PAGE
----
On November 5 Washington voters will decide the fate of I-522, the initiative that, if passed, would result in the labeling of foods produced through genetic engineering. Washington would become just the fourth state in the country to institute such a labeling law, and even with the Murray vs. McGinn mayoral showdown on the ballot, it could be the most hotly contested issue of the election season. Ninety-three percent of respondents to a 2010 NPR/Thomson Reuters poll were in favor of labeling such foods, yet megacorporations like Kraft Foods Global and ConAgra Foods have invested gobs of money to fight similar measures in other states. By late September, Monsanto had pumped nearly $5 million into opposing I-522.
What neither side could have known, though, was how fitting it is that one of the biggest fights in the growing war on genetically modified food would take place in Washington state.
It was 1980 when Dr. Richard Palmiter received his first phone call from Dr. Ralph Brinster. Palmiter was a late-30s, bearded, and ponytailed molecular geneticist from UW’s Howard Hughes Medical Institute who had a thing for denim shirts. (Still does, actually.) Brinster was a clean-cut, white lab coat–wearing developmental biologist from the University of Pennsylvania who dug mice. He’d called Palmiter to ask for some genetic material from a chicken that he hoped to inject into mouse eggs, and from that conversation the two began a nearly 15-year, bicoastal research partnership that resulted in more than 125 published papers.
But none was as monumental as “Dramatic Growth of Mice That Develop from Eggs Microinjected with Metallothionein--Growth Hormone Fusion Genes,” which appeared in the December 16, 1982, issue of Nature. For months prior they toiled in their separate labs, Palmiter isolating human growth hormone genes that he would FedEx to Pennsylvania, and Brinster injecting them into mouse eggs with a glass pipette a fraction of the width of a human hair. Brinster would implant the eggs into a female, wait for the babies to be born, and then mail samples—usually their tails—to Palmiter, who would examine them at the molecular level to see if the gene had been successfully integrated into the mouse’s genetic blueprint. Why mice? In part because unlike pig or bovine eggs, they’re perfectly transparent, making it easier to see what the pipette was piercing.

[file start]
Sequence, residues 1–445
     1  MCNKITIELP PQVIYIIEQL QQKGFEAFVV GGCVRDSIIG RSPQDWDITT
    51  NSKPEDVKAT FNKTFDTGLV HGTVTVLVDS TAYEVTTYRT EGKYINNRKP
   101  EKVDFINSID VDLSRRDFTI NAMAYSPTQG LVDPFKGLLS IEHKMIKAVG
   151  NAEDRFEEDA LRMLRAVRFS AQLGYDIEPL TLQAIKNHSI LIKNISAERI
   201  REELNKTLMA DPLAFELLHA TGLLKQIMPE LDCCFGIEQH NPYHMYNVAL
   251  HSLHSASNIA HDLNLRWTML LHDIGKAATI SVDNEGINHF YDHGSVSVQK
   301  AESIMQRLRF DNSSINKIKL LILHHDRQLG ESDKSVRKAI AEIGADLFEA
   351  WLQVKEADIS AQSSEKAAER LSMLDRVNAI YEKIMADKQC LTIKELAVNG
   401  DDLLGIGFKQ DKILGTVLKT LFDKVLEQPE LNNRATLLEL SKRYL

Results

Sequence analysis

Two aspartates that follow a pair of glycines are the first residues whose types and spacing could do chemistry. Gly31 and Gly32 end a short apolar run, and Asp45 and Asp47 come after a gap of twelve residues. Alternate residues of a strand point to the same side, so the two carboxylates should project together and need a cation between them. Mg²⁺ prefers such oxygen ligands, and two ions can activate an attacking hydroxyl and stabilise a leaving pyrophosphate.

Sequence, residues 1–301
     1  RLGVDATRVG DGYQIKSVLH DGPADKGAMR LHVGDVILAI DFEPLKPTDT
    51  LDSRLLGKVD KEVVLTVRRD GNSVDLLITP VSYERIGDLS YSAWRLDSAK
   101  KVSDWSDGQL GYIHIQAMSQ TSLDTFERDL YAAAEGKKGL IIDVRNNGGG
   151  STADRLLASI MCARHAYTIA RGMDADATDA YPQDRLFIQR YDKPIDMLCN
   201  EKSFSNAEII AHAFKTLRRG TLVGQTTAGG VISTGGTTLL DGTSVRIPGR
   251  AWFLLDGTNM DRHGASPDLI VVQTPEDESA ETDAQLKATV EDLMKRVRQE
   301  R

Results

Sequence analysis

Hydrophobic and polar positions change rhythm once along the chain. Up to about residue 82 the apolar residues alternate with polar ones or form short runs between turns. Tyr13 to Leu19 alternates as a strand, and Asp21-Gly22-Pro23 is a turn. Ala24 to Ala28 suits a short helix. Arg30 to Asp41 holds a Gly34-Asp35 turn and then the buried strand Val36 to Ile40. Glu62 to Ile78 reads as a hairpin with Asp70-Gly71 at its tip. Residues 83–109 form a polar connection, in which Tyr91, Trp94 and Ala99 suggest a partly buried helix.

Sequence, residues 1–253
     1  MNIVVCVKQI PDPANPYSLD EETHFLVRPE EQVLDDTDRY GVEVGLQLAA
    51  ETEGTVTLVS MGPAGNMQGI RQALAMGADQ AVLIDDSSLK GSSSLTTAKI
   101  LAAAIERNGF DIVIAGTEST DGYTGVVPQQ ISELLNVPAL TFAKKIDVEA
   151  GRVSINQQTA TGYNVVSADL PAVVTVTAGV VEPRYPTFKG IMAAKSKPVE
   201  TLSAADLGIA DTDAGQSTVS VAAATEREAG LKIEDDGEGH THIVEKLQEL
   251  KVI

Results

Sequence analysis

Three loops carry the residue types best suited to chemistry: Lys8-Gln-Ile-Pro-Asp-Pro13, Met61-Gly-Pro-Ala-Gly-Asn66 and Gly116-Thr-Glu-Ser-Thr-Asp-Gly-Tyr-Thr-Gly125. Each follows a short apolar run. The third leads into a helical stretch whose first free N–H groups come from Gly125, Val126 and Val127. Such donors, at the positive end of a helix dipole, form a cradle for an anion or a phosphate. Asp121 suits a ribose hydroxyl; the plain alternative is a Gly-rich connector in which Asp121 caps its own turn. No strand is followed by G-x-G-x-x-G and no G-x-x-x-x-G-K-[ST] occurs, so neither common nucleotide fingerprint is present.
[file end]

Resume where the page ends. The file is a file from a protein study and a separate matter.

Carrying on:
It was hardly easy work; the micro-injection process would destroy dozens of eggs, others would fail to implant, and only a fraction of the mice that were born expressed the growth hormone gene. But those that did provided irrefutable evidence that the experiment worked. A photo published in Nature—which has become visual shorthand for their work—shows two mice from the same litter, one nearly twice the size of the other. The press dubbed the rodent “supermouse,” and the discovery even made it into one of Johnny Carson’s monologues, a footnote that still makes Palmiter chuckle today.
Palmiter and Brinster weren’t the first to genetically modify an organism—that distinction goes to Herbert Boyer and Stanley Cohen, who engineered antibiotic--resistant E. coli in 1973—but it was their research that jump-started the process and ultimately led to cloned sheep, crops impervious to pests, and stem cell therapy. The bitter fight over I-522 only underscores the highly controversial natures of some of those advances. And, predictably, Palmiter has answered questions about playing god for nearly three decades. But he stands behind the work without reservation. “Some people believe these species deserve to be left alone,” he says, with the clinical tone of a man whose career was based on the scientific method. “But people have been messing with the genomes of plants and animals for years.” He pauses. “It’s called breeding.”
This article appeared in the November 2013 issue of Seattle Met.